Titan's upper atmosphere produces an ionosphere at high altitudes from photoionization and electron impact that exhibits complex chemical processes in which hydrocarbons and nitrogen-containing molecules are produced through ion-molecule reactions. The structure and composition of Titan's ionosphere has been extensively investigated by the Ion and Neutral Mass Spectrometer (INMS) onboard the Cassini spacecraft. We present a detailed study using linear correlation analysis, 1-D photochemical modeling, and empirical modeling of Titan's dayside ionosphere constrained by Cassini measurements. The 1-D photochemical model is found to reproduce the primary photoionization products of N(2) and CH(4). The major ions, CH(5)(+), C(2)H(5)(+), and HCNH(+) are studied extensively to determine the primary processes controlling their production and loss. To further investigate the chemistry of Titan's ionosphere we present an empirical model of the ion densities that calculates the ion densities using the production and loss rates derived from the INMS data. We find that the chemistry included in our model sufficiently reproduces the hydrocarbon species as observed by the INMS. However, we find that the chemistry from previous models appears insufficient to accurately reproduce the nitrogen-containing organic compound abundances observed by the INMS. The major ion, HCNH(+), is found to be overproduced in both the empirical and 1-D photochemical models. We analyze the processes producing and consuming HCNH(+) in order to determine the cause of this discrepancy. We find that a significant chemical loss process is needed. We suggest that the loss process must be with one of the major components, namely C(2)H(2), C(2)H(4), or H(2).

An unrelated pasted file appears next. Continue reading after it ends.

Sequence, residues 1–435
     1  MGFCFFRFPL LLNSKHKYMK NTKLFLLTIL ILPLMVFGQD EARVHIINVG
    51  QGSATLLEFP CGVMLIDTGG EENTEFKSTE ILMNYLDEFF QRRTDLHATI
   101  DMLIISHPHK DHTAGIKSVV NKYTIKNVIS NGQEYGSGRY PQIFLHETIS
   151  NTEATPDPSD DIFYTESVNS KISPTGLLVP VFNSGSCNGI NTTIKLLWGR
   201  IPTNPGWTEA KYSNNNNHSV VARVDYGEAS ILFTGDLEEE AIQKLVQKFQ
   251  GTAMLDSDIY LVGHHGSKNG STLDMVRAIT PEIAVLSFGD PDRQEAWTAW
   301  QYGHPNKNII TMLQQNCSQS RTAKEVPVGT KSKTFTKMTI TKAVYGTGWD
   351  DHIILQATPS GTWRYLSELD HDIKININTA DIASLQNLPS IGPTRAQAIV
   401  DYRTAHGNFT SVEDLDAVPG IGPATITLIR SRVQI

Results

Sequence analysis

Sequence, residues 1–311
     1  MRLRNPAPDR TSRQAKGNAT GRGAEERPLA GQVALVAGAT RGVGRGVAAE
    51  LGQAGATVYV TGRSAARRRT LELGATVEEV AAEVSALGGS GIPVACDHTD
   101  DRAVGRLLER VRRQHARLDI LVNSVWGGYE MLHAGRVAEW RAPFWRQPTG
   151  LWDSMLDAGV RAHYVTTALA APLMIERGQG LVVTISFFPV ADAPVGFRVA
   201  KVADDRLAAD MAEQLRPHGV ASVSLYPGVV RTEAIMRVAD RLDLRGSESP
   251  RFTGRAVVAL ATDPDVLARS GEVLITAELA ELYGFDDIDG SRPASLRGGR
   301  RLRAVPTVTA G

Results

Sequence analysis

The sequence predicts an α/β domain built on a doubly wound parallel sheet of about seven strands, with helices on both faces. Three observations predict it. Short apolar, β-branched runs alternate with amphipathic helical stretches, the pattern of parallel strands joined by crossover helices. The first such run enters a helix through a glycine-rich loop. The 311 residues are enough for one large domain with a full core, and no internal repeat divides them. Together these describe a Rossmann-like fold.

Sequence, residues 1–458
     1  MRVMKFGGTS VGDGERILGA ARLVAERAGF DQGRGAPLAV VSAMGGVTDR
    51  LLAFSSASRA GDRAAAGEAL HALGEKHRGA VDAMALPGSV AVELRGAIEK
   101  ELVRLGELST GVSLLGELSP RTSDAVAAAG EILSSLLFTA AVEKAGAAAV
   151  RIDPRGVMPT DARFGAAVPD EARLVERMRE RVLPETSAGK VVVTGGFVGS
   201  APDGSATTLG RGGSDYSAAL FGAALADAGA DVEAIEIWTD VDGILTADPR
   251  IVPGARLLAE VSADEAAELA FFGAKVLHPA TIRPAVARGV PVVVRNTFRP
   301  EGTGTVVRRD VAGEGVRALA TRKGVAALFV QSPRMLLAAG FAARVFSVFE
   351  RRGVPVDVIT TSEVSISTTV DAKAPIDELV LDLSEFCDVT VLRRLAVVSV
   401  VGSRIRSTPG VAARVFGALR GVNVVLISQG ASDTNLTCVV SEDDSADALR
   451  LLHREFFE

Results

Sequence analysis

2012. Vol. 117, E01003- p.